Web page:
Popular posts from this blog

For Find Out Friday - Why Do Emery Boards Make My Skin Crawl?

You know that sound a fingernail makes when it scratches against a chalkboard?  You know that feeling the sound of that action gives you? I, like most people, hate that sound.  I instantly feel like scrunching my shoulders up to my neck and closing my eyes.  I feel the exact same way when I am using an emery board to file my nails. This annoying sensation has a name: “grima” which is Spanish for disgust or uneasiness. This term basically describes any feeling of being displeased, annoyed, or dissatisfied someone or something.  It is a feeling that psychologists are starting to pay more attention to as it relates to our other emotions.  Emery boards are traditionally made with cardboard that has small grains of sand adhered to them. It is the sandpaper that I believe makes me filled with grima.  According to studies that are being done around the world, it is not just the feeling that we associate with certain things like nails on a chalkboard or by using emery boards

For Find Out Friday - How Do You Milk An Almond?

Despite my affinity for cheese and other dairy products, occasionally (actually a few times a week) I like to go dairy-free.  During those times I rely heavily on my favorite brand of almond milk, as seen in the picture above.  Though I know there is no dairy in this product, I constantly wonder: “how does one milk an almond”? Logically I am aware that no actually “milking” is taking place.  I also know that almond milk can be made at home, although I have zero interest in attempting to make it despite my love of spending time in my kitchen. So, what is the actual process?  How long does it take?  When / where / who was the first to successful develop this product? When talking about this kind of “milk” what we are really talking about is plant juices that resemble and can be used in the same ways as dairy milk. Plant like juice has been described as milk since about 1200 A.D. The first mentions can be found in a Baghdadi cookbook in the thirteenth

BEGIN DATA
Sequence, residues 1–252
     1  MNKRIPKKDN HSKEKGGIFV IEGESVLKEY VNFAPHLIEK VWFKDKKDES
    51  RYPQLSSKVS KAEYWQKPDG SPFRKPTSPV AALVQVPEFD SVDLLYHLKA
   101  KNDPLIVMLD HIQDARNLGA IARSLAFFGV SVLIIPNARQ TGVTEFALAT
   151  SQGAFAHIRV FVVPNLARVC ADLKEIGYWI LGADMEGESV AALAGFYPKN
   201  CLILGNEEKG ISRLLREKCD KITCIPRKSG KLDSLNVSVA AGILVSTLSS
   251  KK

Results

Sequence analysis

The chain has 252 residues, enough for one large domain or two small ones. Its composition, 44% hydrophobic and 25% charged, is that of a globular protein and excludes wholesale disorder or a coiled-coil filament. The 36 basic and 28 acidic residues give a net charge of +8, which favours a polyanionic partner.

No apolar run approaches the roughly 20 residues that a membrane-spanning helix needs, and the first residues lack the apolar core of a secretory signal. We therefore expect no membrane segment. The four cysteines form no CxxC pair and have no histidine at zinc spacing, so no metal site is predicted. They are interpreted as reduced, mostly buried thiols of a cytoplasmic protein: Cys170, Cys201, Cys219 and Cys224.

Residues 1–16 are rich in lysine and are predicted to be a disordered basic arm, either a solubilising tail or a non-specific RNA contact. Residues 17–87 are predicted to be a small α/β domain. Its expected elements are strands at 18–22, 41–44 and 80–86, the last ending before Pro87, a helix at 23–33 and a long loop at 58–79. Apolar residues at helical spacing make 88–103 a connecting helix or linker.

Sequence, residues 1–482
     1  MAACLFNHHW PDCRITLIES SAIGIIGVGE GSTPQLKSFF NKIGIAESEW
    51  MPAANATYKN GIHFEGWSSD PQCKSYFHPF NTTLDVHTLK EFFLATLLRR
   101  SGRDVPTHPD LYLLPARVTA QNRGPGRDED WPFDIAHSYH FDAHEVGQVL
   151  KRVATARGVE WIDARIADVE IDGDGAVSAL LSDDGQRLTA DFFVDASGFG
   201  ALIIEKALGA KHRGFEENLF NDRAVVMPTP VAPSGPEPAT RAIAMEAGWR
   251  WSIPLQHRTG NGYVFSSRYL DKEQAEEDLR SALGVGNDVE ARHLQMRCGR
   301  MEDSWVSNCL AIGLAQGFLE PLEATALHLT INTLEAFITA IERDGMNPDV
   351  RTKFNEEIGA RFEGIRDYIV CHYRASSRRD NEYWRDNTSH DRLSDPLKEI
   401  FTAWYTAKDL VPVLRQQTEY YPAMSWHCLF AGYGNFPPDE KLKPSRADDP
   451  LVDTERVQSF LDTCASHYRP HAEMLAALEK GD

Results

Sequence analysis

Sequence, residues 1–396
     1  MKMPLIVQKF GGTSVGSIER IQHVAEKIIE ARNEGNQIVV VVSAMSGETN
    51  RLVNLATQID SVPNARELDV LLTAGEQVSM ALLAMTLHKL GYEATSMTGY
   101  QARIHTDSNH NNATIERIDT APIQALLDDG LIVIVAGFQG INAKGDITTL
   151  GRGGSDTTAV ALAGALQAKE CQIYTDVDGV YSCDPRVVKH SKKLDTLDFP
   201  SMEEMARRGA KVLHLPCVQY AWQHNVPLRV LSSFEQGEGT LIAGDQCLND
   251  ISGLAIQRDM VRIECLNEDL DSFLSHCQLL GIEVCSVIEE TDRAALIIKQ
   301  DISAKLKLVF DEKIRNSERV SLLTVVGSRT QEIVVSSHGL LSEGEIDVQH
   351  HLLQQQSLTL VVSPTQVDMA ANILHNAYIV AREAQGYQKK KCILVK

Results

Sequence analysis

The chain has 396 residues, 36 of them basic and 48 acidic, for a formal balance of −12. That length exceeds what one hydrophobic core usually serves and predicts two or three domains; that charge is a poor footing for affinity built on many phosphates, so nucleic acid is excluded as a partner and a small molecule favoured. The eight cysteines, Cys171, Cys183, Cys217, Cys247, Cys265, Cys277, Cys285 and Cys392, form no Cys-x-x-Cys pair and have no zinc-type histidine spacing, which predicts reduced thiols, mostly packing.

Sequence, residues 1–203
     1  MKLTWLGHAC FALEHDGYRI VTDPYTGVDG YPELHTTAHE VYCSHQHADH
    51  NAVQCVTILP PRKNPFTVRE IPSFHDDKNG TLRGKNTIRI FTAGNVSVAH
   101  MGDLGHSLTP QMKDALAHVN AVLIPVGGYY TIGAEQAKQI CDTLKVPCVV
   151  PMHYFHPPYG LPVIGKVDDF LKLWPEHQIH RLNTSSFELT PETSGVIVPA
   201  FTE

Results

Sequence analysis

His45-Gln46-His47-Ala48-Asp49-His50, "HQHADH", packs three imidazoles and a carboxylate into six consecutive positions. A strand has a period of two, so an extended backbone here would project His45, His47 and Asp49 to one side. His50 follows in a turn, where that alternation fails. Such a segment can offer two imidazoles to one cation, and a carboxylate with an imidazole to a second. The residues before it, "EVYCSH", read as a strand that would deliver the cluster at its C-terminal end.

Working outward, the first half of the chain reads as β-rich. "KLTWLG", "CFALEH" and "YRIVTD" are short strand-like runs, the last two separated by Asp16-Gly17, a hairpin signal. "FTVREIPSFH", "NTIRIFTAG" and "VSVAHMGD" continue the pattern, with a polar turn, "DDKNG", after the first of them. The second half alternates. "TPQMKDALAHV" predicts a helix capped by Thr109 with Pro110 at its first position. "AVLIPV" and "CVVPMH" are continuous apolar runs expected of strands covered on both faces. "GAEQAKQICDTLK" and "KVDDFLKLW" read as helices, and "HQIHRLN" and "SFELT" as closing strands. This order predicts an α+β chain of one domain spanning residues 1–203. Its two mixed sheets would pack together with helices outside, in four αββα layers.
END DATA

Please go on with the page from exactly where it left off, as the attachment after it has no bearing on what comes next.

For a Doughnut Worthy of Food Network Glory: “Dun-Well Doughnuts”

All because I wanted a Boston creme doughnut. That is how this blog truly began. It was Father’s Day weekend and although I was initially thinking of myself, I knew my father wouldn’t mind having a sweet treat for dessert. Brooklyn is synonymous with great pizza, bread, and of course bagels. But it also has many great bakeries producing some of the most delicious doughnuts you have ever tasted. Just to name a few, there is: Doughnut Plant , Peter Pan Donut & Pastry Shop and Dough .   On the day of my craving, I did what any of us do countless times a day - I opened Google. When I Googled “best Boston creme doughnuts in Brooklyn” Dun-Well Doughnuts appeared high on that list. Intrigued I researched it further and learned that it had won the Canadian  Food Network’s contest called “Donut Showdown” in 2013. That was enough information for me to decide to visit the very next day.  Dun-Well Doughnuts was opened by Dan Dunbar and Christopher Hollowell in December 2011. Despite